The 5 May 1949 edition of The Matawan Journal included the above ad for Charlie's Matawan Inn.

Charles Messina applied for a liquor license for Charlie's Matawan Inn, according to a public notice in the 22 Jun 1950 edition of The Matawan Journal.

Charles Messina applied for renewal of his liquor license for Charlie's Matawan Inn, according to a public notice in the 16 Jun 1960 edition of The Matawan Journal.

Closed? (1939 - 1948)

Matawan Inn (c 1936 - 1939)

The 19 Jan 1939 edition of The Matawan Journal announced that the Matawan Inn had suspended operations and was now closed. The liquor license had been issued to Christopher Daly but the establishment had been operated by his brother, a former Staten Island resident.

Green Tree Inn (c 1934 - 1936)

The Green Tree Inn was mentioned in The Matawan Journal from 1934 to 1936.

A connection between Green Tree and Mrs Rosa Bergen, a prominent socialite and member of Democratic Women in the borough and the county, appeared in 1935. She died in 1958.

 The 30 Aug 1935 edition of The Matawan Journal included the above ad for Rosa Bergen's Food Shop at the Green Tree Inn.

The 8 Nov 1935 edition of The Matawan Journal included an ad for Rosa Bergen's Food Shop at the Green Tree Inn encouraging patrons to secure their Thanksgiving reservations.

The 14 Feb 1936 edition of The Matawan Journal (pg 6 col 2) mentioned an event held at the Green Tree Inn.

The 30 Jul 1936 edition of The Matawan Journal reported that Thomas Welstead was refused a liquor license for a new location for several reasons - petitions received from local residents, lack of precedent for having a licensed tavern in that vicinity, and the danger to the driving public of having a tavern located on Route 34 at Route 4/Route 9.

Monmouth Inn (1926 - c 1932)

I found mentions of the Monmouth Inn in The Matawan Journal from 1926 to 1932.

The 3 Dec 1926 edition of The Matawan Journal reported that John Farry, formerly of Matawan but currently of New York, had purchased the Green Pump Inn. Farry would winter in Florida and take possession of the restaurant on 1 March 1927. 

The proprietor of the Monmouth Inn was identified as John H Farry in the 17 Jun 1927 edition.

Green Pump Inn (c 1923 - 1926)

The earliest mention I could find of the Green Pump Inn was in the 23 Nov 1923 edition of The Matawan Journal.

The 6 Nov 1925 edition contained the above advertisement for the Dickson Green Pump Inn, a tea and chop shop. A society page piece reported that the Green Pump Inn's owner, James Dickson, was enjoying a visit from his father, Frederick W Dickson, of Brooklyn.

The 18 Jun 1926 edition of The Matawan Journal contained the obituary of Mrs Helen Potts-Hall. The obituary reported that she had purchased the Mount Pleasant Hotel (presumably the Freneau Hotel?). She renovated it as a tea house and opened it under the name Green Pump Inn. She found the work too arduous for her liking, so about 1925 she sold it on contract (presumably to James Dickson), but that contract has since been forfeited. She lived much of her life with her brother, Frank G Potts.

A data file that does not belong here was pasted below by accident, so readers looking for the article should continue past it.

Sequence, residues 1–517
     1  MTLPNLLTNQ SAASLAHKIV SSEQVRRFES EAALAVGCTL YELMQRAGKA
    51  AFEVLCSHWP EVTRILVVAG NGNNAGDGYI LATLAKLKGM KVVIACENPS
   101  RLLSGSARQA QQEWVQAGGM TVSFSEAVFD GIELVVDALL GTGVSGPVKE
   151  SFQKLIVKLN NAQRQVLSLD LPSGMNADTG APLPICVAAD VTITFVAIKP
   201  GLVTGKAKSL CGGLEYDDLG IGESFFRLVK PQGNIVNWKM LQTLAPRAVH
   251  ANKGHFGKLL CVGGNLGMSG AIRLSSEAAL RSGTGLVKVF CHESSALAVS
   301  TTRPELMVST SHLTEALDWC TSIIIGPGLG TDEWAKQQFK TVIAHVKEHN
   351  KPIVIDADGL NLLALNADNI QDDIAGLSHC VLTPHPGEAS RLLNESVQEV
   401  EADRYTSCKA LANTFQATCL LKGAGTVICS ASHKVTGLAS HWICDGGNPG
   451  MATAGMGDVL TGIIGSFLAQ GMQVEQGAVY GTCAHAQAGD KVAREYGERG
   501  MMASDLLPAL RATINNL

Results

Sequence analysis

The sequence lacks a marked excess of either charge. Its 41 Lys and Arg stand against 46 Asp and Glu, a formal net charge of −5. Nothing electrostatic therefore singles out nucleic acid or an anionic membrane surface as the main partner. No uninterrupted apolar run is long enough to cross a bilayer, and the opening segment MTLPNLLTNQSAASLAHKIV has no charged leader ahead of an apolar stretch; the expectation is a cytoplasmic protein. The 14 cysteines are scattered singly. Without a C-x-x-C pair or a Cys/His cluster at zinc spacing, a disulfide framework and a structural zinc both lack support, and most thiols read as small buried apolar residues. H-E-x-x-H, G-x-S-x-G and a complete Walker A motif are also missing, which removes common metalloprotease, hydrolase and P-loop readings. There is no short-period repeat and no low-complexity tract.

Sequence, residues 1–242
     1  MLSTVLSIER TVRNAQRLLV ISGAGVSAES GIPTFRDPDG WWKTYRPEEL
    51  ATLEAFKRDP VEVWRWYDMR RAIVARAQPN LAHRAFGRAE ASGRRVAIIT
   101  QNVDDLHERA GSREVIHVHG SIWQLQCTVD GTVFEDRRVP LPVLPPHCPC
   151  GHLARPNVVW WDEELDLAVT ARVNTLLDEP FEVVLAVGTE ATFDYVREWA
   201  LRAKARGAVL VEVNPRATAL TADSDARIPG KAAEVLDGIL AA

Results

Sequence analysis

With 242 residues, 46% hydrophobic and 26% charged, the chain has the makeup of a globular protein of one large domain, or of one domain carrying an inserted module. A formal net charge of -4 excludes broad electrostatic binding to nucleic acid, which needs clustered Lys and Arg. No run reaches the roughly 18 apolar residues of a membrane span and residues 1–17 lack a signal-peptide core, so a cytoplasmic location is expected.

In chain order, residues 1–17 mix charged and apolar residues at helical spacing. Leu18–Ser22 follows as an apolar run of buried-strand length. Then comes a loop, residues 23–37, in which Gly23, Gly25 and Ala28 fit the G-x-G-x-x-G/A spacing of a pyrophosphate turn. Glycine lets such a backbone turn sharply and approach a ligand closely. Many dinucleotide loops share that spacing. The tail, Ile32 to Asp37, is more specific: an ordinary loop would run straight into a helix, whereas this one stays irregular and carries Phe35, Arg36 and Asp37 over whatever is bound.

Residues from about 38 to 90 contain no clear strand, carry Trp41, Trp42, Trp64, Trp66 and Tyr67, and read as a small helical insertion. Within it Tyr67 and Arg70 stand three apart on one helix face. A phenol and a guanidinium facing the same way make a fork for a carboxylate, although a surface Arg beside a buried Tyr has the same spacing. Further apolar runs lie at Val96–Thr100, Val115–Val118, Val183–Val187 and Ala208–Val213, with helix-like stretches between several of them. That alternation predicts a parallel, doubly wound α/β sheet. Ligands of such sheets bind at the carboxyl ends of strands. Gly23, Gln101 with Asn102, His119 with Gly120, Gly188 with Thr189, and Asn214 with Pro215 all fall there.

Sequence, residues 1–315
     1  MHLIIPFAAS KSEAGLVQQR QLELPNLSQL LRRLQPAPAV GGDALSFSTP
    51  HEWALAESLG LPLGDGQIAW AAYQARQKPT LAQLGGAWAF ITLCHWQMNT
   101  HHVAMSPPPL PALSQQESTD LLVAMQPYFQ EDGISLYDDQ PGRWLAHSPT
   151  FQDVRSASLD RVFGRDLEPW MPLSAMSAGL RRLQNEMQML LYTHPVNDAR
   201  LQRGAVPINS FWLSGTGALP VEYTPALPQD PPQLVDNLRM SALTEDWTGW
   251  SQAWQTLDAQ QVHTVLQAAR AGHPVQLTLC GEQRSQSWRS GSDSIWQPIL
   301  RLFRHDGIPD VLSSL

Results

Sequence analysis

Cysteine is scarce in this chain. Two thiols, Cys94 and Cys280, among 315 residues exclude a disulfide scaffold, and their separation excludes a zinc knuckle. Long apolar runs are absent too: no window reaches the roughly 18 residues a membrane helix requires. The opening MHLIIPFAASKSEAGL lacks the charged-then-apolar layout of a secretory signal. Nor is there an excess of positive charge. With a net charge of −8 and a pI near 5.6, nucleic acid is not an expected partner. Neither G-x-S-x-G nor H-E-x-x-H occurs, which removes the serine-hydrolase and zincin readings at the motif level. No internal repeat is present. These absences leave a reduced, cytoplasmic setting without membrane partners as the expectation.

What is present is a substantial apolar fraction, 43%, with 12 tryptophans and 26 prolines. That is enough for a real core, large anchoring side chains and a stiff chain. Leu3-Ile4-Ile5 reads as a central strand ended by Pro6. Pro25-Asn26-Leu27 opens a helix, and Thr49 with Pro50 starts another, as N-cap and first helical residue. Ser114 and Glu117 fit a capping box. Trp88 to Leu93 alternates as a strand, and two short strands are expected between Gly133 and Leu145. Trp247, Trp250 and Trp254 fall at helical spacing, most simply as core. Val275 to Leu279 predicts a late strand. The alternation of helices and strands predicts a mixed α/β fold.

The above ad appeared in the 23 Jul 1926 edition of The Matawan Journal.

Freneau Hotel (1921)

"Around Matawan and Aberdeen" mentioned that the location of the Poet's Inn served as a hotel under various names: Matawan Inn, Freneau Hotel, Mount Pleasant Hotel and Applegate's Hotel among them.

The 13 Jan 1921 edition of The Matawan Journal mentions the Freneau Hotel several times.

Applegate's Hotel (c 1907 - c 1920)

"Around Matawan and Aberdeen" mentioned that the location of the Poet's Inn served as a hotel under various names: Matawan Inn, Freneau Hotel, Mount Pleasant Hotel and Applegate's Hotel among them.

The 22 Nov 1917 edition of The Matawan Journal announced that taxes would be collected at J E Applegate's Hotel in Freneau on 17 December.

The 1920 Federal Census showed Jacob E Applegate, 49 NJ, to be the owner and keeper of a hotel enumerated on Freehold Turnpike in Matawan Township. Jacob was living in the household of his widowed mother-in-law, Lou Hartenstein, 60 NJ. Also in the household was Jacob's wife, Lou Hartenstein's daughter,  Elizabeth (Hartenstein) Applegate, 37 NJ; and Jacob and Elizabeth's children John Applegate, 11 NJ, and Elizabeth Applegate, 7 NJ. Also in the household was Sarah Applegate, 34 NJ, but I couldn't read the relationship.

The 1910 Federal Census showed Elmer Applegate, 39 NJ, to be running a hotel on Freehold Road in Matawan. Also in the household were his wife of 4 years, Elizabeth Applegate, 25 NJ; their son John Applegate, 2 NJ, and widowed boarders Loie Hartenstein, 48 NJ, and Mary Applegait, 88 NJ. (Elmer is obviously Jacob E Applegate's middle name.)

The 1900 Federal Census showed Jacob Applegate, 30 NJ, to be running a hotel in Matawan Township. He was enumerated with his wife of 8 years, Nona Applegate, 25 NJ. She had borne one child that did not survive. Two boarders were enumerated in the household, one being a bartender.

Mount Pleasant Hotel (c 1880 - c 1907)

"Around Matawan and Aberdeen" mentioned that the location of the Poet's Inn served as a hotel under various names: Matawan Inn, Freneau Hotel, Mount Pleasant Hotel and Applegate's Hotel among them.